NAPIER, a seaport on the east coast of North Island, New Zealand, capital of the provincial district of Hawke's Bay, 200 m. by rail N.E. of Wellington. Pop. (1906) 9454. The main portion of the town stretches along the flat shoreland of Hawke's Bay, while the suburbs extend over the hills to the north. The site consists of a picturesque peninsula known as Scinde Island. The harbour (Port Ahuriri) is sheltered by a breakwater. The cathedral church of St John (1888) for the bishopric of Waiapu, is one of the finest ecclesiastical buildings in New Zealand, imitating the Early English style in brick. An athenaeum, a small hospital, a lunatic asylum, a philosophical society and an acclimatization society are among the public institutions. The town (named after Sir Charles James Napier) is under municipal government, and returns a member to the New Zealand House of Representatives. The district is agricultural, and large quantities of wool and tinned and frozen meats are exported. There is railway communication with Wellington, New Plymouth, and the Wairarapa, Wanganui and Manawatu districts. Numerous old native pas or fortified villages are seen in the neighbourhood.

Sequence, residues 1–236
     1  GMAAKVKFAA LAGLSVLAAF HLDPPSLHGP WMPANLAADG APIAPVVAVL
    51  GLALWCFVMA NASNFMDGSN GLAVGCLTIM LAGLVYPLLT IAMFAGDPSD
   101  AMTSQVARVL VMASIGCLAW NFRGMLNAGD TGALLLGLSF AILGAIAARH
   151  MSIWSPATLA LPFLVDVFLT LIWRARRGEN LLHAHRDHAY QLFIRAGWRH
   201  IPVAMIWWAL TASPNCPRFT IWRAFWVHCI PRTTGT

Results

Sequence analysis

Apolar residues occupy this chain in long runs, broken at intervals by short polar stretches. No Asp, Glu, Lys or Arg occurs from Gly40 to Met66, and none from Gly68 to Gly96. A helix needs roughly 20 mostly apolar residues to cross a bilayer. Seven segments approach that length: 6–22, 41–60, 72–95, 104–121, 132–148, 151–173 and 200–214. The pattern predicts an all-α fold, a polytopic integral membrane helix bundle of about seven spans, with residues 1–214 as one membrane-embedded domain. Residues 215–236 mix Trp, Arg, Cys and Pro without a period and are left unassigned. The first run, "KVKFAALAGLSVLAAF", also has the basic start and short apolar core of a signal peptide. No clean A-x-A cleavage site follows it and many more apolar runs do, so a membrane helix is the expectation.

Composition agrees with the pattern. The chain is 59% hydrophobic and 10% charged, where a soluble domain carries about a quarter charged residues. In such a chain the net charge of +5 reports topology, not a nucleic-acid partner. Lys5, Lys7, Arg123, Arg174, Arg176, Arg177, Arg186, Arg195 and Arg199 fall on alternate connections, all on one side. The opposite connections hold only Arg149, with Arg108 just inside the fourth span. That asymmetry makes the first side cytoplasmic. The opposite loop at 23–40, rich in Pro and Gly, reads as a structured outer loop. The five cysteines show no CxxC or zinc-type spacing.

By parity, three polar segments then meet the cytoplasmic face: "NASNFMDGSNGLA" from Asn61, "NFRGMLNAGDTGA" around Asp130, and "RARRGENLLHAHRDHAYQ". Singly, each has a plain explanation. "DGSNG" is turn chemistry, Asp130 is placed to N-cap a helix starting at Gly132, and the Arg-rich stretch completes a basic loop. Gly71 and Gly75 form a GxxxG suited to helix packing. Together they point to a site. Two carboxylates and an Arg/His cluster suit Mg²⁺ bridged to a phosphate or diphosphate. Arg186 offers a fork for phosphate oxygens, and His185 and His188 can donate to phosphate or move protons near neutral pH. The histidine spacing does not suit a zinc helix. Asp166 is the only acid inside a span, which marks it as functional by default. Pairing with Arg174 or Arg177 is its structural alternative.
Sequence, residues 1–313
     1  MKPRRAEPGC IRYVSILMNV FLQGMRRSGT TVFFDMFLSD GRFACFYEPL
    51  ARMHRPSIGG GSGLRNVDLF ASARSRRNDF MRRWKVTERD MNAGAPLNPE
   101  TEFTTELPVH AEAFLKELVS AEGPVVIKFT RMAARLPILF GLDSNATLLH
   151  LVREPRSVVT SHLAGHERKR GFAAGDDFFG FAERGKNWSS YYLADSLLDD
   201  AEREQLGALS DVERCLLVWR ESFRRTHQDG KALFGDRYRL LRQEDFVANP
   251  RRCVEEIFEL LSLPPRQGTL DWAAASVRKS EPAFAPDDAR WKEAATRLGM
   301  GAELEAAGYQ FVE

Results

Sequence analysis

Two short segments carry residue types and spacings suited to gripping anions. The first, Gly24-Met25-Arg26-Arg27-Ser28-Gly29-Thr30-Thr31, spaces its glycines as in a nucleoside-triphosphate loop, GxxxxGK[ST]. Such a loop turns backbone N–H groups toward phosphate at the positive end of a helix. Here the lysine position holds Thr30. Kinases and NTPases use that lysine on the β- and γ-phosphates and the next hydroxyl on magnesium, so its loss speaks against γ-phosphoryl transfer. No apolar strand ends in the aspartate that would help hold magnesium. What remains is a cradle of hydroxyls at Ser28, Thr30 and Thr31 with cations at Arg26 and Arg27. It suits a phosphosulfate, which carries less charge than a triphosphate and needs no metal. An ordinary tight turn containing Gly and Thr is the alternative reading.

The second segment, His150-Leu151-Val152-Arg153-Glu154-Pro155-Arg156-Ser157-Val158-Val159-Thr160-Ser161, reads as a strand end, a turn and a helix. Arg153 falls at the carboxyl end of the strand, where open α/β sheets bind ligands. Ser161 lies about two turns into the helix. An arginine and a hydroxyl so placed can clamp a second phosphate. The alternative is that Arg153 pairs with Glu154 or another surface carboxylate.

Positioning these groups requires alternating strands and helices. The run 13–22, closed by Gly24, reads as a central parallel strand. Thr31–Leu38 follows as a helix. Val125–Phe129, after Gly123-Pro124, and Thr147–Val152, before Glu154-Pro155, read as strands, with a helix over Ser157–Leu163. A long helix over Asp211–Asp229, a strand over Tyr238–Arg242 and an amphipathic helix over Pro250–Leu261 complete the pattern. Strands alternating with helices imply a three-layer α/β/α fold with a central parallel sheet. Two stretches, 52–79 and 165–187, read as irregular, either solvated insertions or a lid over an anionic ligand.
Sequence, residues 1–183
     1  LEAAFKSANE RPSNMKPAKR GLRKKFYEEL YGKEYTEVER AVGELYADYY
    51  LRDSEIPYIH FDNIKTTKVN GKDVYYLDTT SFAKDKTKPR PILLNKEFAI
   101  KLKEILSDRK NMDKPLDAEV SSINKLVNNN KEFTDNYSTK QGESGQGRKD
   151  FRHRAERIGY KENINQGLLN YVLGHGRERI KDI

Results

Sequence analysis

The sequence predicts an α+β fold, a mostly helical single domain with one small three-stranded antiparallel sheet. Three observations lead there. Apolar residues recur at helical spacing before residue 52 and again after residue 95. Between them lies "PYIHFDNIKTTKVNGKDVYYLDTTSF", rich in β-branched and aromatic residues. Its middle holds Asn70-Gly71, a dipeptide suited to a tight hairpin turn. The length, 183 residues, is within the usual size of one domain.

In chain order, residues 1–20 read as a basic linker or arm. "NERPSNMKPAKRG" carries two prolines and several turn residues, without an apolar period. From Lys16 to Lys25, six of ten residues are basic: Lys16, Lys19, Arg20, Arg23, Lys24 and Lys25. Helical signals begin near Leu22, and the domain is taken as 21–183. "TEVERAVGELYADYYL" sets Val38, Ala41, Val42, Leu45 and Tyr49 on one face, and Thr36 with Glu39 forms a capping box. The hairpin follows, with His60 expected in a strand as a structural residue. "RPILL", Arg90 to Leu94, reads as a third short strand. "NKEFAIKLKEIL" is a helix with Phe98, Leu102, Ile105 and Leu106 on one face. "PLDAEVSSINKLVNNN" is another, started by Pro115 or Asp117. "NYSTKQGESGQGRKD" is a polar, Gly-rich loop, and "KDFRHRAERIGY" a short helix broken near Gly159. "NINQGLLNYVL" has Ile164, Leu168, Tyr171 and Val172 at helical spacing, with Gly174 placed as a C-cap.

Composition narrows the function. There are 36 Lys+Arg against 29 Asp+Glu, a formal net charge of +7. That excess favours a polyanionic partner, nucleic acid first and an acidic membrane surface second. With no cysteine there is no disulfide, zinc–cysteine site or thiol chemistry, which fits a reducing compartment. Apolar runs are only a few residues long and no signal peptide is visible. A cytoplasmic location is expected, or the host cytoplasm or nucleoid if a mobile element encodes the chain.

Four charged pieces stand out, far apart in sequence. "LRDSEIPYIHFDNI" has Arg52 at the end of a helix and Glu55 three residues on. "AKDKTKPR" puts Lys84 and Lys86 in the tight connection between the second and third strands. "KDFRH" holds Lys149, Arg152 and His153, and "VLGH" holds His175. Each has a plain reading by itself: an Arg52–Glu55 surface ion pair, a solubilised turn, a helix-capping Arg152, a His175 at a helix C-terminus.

Note - this article incorporates content from Encyclopaedia Britannica, Eleventh Edition, (1910-1911)